“Look up to the sky. You’ll never find rainbows if you’re looking down”
In the past there were historical periods considered particularly “enlighted” when art and science used to converge so favourably that academics coined the definition: “art of wonder”.
It’s the case of the seventeenth‐century Baroque era that ‐ influenced by scientific discoveries and the decline of anthropocentric perspective ‐ was characterized by a deep change in terms of scenic environment and figurative representation.
This field of research was identified by US Minimalist artists who, inspired by this scientific approach and the typical tendency of Land artists to interact with space, started to consider rainbow one of their favourite motives in order to create a feeling of astonishment and wonder.
Charles Ross’ works (Philadelphia, 1937) – who has a background both in mathematics and art ‐ are based on the relationship between natural phenomena and landscape and produce specific perspective effects.
In 1996 he unveiled his incredible artwork “Dwan Light Sanctuary” where 24 glass prisms are aligned with the sun, the moon and the stars. As a result rainbows are projected inside the architecture and their exact time and area of appearance strictly depend on seasonal events such as solstices, equinoxes and Earth’s position from the sun and the moon.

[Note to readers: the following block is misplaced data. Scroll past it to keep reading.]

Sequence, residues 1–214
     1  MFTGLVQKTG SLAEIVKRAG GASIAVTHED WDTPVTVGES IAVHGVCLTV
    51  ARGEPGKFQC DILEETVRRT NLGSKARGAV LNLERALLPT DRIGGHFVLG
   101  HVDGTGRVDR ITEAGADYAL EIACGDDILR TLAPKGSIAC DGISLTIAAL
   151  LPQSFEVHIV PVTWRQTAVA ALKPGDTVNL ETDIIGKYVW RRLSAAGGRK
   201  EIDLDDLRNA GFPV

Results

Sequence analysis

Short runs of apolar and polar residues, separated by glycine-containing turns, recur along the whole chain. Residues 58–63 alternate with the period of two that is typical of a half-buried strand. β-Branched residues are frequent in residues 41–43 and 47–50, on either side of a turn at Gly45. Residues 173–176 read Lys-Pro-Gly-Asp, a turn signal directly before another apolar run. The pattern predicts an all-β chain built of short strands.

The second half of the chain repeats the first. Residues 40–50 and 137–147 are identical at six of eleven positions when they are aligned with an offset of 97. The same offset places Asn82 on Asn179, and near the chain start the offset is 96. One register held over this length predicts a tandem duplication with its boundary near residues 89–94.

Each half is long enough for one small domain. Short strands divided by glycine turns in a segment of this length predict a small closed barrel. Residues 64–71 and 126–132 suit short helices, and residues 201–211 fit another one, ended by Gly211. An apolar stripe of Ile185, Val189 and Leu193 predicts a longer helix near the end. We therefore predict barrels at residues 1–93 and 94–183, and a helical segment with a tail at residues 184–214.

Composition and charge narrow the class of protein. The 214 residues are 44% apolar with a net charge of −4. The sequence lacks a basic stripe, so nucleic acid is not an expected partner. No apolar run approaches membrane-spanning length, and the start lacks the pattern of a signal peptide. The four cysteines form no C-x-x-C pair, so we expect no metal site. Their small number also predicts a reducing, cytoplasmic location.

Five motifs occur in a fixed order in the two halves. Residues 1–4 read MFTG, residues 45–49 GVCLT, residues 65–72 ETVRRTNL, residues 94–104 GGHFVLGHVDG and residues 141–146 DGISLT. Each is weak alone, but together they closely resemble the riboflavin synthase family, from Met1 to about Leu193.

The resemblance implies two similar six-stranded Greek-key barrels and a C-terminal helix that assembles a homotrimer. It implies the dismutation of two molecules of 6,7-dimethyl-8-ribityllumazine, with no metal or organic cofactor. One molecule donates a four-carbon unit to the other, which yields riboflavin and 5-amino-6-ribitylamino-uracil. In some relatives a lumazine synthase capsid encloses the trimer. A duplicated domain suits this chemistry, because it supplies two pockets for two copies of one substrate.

It’s the Danish artist Ólafur Elíasson (Copenaghen, 1967) to be the Minimalists’ spiritual heir conceiving artworks where our perception and our role in the space of representation are both challenged.
In his work “Colour space embracer” (2005) three concentric colourful rings turn while illuminated by a lamp, causing the projection of a spectrum of coloured light (a rainbow) that circles and scans the room. This way, the artwork becomes a medium to create an illusionary distortion of space and to expand the idea of what is perceived without limits.
As though distorting reality made it “more real” or, to be more precise, hyperreal, to the eye.